Talk about timely. Eric Wearne’s book, “Defining Hybrid Homeschools in America: Little Platoons,” was released in November, as school systems waffled on attendance policies during the COVID-19 pandemic. It offers a fascinating insight into a form of schooling developing in communities throughout the United States and gaining momentum in an unexpected period of educational uncertainty.
Wearne, an associate professor with the Education Economics Center at Kennesaw State University and a Senior Fellow with the Georgia Public Policy Foundation, seeks to address an essential question policymakers and families grapple with as they evaluate education options for their children: What exactly is a hybrid homeschool?
The 164-page book is a welcome explanation of this previously undefined field of scholarship. As Wearne notes, there was “(scant) research literature to date on hybrid homeschools” upon embarking on this book. Using a broad swath of historical examples, philosophical grounding and narratives from parents, teachers, administrators and students, Wearne delivers a comprehensive picture of both the challenges and the potential within the hybrid homeschool.
He begins by acknowledging the issue facing what he terms the “broad middle class”: a lack of the options readily available to wealthy families, who can choose a private school or can move to a better school district, and limited access to the scholarship programs often available to low-income or special-needs students. The solution this book studies to that issue is the hybrid homeschool.
“In its most common form, a hybrid homeschool enrolls students who go to a school building, with classmates, teachers, and desks, two to three days per week, and are homeschooled the rest of the week,” Wearne rites. A difficulty, he acknowledges, is that the “hybrid homeschool” term is not even universal among the facilities he studied. There are labeling conflicts within the larger movement, leading to challenges for policymakers as they seek to define and build a governing framework around these hybrid schools: Are these students regulated as homeschoolers? For Georgians, the implications of this have resulted in issues regarding their school accreditation, and in turn whether they qualify for immediate HOPE eligibility upon enrolling at state colleges.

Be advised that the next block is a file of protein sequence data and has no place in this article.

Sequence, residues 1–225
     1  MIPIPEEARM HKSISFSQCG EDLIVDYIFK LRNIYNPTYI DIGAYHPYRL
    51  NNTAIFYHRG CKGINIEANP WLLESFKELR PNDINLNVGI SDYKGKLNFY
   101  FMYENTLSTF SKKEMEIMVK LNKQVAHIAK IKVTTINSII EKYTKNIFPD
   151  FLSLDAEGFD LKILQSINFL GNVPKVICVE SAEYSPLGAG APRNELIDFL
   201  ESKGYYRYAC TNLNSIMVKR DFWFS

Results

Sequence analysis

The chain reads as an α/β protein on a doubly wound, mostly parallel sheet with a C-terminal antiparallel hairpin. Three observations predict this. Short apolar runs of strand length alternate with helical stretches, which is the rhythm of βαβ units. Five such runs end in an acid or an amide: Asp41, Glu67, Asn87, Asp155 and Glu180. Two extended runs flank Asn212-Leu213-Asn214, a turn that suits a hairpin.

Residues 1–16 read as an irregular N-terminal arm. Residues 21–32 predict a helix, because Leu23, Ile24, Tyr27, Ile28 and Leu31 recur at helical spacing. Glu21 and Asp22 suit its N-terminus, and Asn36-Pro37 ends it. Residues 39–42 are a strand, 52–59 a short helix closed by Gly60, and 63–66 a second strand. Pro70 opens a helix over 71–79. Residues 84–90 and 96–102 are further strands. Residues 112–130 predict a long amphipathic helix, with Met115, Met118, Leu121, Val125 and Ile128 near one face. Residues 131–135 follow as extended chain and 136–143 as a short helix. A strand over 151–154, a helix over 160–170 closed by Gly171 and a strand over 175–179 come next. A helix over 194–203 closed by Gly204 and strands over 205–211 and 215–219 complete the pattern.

One intriguing aspect is how Wearne equates the hybrid homeschool model with other movements back toward local providers within society in general, among them, “craft beers, farm-to-table restaurants/shops, and just in-time, individualized experiences in a variety of other areas.” In education policy, he specifically cites a desire among many parents to return to a more holistic form of education rather than the technocratic approaches that defined the early 2000s.
Wearne’s research offers insight into the demographics of these families and their motivating factors for enrolling their children, the religious/secular nature of these schools, and the essential issues facing all forms of K-12 education today: class size, testing accountability, and college and career readiness. In addition to these well-known parameters of educational assessments, most hybrid homeschools are defined by the manner in which they seek to deliver a tailored learning experience for a small group of students, rather than a one-size-fits-all approach.
The numerous stories by parents, students and teachers make this book an inviting read for parents evaluating additional education options for their child. Even better, Wearne offers concrete policy solutions for policymakers to consider that will assist in both the regulatory framework around these schools, and in ensuring the future development of entrepreneurial education choices that will best support childhood development.
“Defining Hybrid Homeschools in America: Little Platoons,” Eric Wearne,